How Should I Start My Mobile Strategy?
When it comes to developing a mobile strategy for your tourism organization the suggestions, best practices and peer examples are all over the place.
Some have an app, others a mobile website. Text campaigns, AR, landing pages, where and how should you start your tourism organization’s mobile strategy?
As part of my keynote presentation at the Hoosier Hospitality Conference, I created the Mobile Strategy Decision-Making Pyramid…or, MSDMP for short…to definitively answer the question, where do I start my tourism organization’s mobile strategy?
Reading the Pyramid
The layers or levels in the pyramid should be implemented from bottom to top, building from the basics to some advanced and very specific marketing / communication techniques.
The bands of color are proportionate to the amount of resources you should spend at each level. More on Responsive Design, less on a Texting Campaign.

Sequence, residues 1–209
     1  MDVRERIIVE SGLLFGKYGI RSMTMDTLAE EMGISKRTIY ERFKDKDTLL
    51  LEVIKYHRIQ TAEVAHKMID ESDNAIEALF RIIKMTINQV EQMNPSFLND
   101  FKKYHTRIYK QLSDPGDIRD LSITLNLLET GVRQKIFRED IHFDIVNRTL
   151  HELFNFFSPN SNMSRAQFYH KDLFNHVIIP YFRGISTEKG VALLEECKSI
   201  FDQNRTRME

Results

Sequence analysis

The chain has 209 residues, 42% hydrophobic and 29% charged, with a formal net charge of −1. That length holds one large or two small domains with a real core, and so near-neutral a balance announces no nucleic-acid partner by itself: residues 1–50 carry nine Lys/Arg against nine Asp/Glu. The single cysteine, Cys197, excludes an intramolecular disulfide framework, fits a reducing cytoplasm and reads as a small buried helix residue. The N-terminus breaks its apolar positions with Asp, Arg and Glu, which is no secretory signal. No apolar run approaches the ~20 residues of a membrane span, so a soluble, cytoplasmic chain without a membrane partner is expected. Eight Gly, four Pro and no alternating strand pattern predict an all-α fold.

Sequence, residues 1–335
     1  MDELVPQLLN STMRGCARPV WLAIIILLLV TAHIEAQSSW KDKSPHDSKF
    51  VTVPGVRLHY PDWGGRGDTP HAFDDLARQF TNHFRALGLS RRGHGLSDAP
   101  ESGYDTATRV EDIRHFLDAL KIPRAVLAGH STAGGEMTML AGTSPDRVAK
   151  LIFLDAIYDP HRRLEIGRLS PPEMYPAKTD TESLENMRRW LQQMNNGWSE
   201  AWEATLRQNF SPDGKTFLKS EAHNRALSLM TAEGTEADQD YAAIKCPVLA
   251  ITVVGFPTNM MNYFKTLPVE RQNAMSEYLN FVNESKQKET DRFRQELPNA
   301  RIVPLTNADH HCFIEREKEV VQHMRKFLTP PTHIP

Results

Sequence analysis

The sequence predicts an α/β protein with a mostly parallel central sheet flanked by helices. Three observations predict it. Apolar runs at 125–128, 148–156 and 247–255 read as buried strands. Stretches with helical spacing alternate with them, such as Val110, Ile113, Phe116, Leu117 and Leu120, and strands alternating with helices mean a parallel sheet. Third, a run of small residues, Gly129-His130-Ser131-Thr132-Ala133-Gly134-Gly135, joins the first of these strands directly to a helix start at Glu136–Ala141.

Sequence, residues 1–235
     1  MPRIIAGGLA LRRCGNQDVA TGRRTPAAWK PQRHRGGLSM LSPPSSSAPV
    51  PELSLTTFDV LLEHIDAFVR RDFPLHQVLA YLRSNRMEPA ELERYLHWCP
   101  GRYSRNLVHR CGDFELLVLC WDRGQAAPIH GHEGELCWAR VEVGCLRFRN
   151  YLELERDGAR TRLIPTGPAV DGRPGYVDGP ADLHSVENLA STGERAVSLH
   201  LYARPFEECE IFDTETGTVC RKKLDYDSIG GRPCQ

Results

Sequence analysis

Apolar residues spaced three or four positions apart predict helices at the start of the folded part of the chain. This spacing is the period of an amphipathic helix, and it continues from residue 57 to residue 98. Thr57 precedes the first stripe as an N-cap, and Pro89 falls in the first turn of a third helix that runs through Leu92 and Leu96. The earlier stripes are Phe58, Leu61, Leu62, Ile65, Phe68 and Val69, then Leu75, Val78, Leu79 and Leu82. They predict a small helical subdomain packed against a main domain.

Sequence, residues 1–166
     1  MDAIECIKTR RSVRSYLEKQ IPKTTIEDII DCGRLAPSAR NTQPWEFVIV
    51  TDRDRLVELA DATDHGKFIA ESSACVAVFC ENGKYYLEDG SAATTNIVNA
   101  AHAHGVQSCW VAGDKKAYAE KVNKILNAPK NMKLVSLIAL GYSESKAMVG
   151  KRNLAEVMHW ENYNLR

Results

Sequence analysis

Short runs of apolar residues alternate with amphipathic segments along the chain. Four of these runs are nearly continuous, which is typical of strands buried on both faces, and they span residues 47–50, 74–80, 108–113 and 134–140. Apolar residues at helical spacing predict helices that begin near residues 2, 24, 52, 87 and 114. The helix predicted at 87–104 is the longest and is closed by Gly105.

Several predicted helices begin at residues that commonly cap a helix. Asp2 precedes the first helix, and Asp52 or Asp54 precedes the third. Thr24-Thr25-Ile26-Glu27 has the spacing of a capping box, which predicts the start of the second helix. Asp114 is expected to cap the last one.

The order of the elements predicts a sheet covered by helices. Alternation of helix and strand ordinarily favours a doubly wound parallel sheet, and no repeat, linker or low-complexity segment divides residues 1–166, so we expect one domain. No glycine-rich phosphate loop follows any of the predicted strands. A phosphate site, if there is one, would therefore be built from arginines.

Level 1: Distribution
The first step in your mobile strategy should be to audit and if needed, improve, the distribution of your organizations information.
Where does information about your hotel, restaurant or attraction live in terms of mobile?
How is it discovered?
Is it accurate?
After the whole Apple Maps snafu, the new Google Maps App for iOS (iPhone), was downloaded 10 million times in a 48 hour period. Without question, Google Maps is one of the most popular, downloaded and utilized apps on any mobile device. Make sure your information can be found and is correct.
Next, move to the major social and geosocial networks.
Put in the required and repeated effort at this level to ensure that your content is available, correct and useful.
Level 2: Landing Page
Organizations will either skip this level, temporarily wait at this level (for a web development update project) or stop at this level, but you should understand why a mobile landing page is important for your mobile strategy.
Now that you have built a solid foundation of distribution for your information, people will be clicking from Google Maps to your website.
And you need to ensure, at a minimum, that the first interaction with your website is a good one.
Set up a mobile redirect based upon screen size, (How to redirect your website to its mobile version) and direct users to a friendly, mobile-specific landing page.